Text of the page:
Coomtata, a seven-bedroom home in Coombe Park, £8.95m
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Kingston upon Thames has a dual identity. Its leafy streets are home to some of Britain’s most expensive properties, but it is a measure of the area’s low profile that the majority of people know the London borough not for its housing, but for its shops.

Kingston’s centre – dominated by Bentalls department store – includes 500 shops, from large department stores to small independent traders. Together, they attract about 20m visitors per year – 10 per cent of them from overseas – according to Kingston’s chamber of commerce.

Shoppers spend more in this retail centre than in than in any other part of southeast England aside from London’s West End. The shops have a substantial physical and economic impact on Kingston, which is 10 miles southwest of central London and is one of the capital’s smallest boroughs with only 165,000 residents.

Most locals live in a housing market dominated by small two- and three-bedroom terraced and semi-detached houses, many Victorian, selling for £350,000 to £600,000 depending on proximity to the Thames and the railway station. This market has performed well with prices rising by more than 14 per cent in the past year, according to the Land Registry.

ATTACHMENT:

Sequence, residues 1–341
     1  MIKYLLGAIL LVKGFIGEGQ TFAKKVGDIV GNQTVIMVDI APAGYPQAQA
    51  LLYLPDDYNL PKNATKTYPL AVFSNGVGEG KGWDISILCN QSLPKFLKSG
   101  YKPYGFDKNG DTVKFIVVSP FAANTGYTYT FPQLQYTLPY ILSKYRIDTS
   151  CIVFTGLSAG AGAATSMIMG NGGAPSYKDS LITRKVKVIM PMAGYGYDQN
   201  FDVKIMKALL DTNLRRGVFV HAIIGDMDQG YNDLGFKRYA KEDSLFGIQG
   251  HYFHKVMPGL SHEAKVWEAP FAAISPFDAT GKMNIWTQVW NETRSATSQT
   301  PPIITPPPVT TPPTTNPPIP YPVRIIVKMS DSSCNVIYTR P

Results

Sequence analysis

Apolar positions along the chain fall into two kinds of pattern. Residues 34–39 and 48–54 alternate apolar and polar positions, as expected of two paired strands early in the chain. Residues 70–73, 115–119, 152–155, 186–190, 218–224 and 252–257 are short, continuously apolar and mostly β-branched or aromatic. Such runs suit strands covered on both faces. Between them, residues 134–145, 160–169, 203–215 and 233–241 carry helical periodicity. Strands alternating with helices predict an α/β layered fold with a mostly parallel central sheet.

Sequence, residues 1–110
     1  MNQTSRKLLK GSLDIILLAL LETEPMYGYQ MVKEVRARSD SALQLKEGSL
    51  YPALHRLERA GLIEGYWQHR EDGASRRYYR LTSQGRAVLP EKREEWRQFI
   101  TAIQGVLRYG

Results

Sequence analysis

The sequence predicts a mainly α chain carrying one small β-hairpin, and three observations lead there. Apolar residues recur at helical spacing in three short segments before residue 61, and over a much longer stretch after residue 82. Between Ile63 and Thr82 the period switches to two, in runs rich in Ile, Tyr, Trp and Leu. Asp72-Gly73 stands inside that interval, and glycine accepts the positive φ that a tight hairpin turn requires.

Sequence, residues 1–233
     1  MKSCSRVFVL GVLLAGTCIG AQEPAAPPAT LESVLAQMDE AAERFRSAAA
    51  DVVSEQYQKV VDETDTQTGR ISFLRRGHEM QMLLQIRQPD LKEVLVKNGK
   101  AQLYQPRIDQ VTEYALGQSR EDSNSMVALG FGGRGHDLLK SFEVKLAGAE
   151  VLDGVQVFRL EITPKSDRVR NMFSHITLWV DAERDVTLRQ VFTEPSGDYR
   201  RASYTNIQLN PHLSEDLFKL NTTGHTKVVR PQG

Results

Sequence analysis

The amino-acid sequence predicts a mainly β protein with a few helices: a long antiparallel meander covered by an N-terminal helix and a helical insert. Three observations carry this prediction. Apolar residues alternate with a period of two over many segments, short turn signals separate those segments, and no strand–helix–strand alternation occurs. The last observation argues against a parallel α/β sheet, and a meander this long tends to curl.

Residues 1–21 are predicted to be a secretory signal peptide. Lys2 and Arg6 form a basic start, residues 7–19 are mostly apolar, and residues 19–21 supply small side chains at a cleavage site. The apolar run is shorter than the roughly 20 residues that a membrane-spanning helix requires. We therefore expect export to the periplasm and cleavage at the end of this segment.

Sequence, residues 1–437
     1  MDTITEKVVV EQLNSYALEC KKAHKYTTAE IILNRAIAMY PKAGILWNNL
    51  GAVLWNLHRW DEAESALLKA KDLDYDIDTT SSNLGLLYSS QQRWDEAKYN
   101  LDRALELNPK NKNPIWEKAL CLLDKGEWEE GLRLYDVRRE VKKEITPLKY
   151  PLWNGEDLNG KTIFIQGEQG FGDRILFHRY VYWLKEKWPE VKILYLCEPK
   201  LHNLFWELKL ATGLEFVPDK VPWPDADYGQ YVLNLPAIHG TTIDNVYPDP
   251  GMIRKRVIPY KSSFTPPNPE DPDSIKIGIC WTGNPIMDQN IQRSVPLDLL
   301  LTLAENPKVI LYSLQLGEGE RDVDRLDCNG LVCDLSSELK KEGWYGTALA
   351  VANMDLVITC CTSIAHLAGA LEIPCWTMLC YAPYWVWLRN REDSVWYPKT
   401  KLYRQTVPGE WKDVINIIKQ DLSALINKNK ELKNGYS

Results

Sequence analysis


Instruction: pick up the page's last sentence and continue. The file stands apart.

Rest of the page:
A very different market exists in the matrix of private streets and gated communities just east of Kingston’s shopping quarter. Here, houses are up to 15,000 sq ft in size on plots ranging from a third of an acre to two acres. Homes in this area cost between £2m and £15m to buy, or up to £25,000 a month to rent. Bulldozers and builders’ skips identify where older homes are being demolished to make way for new mansions.

“It’s like prime central London but with even larger houses, much more outside space, fewer planning constraints and an infrastructure that’s good for families and for privacy,” says Dominic Pasqua, head of the local office of estate agent Knight Frank. Pasqua has worked the Kingston sales market for eight years and says three specific locations attract high-end buyers.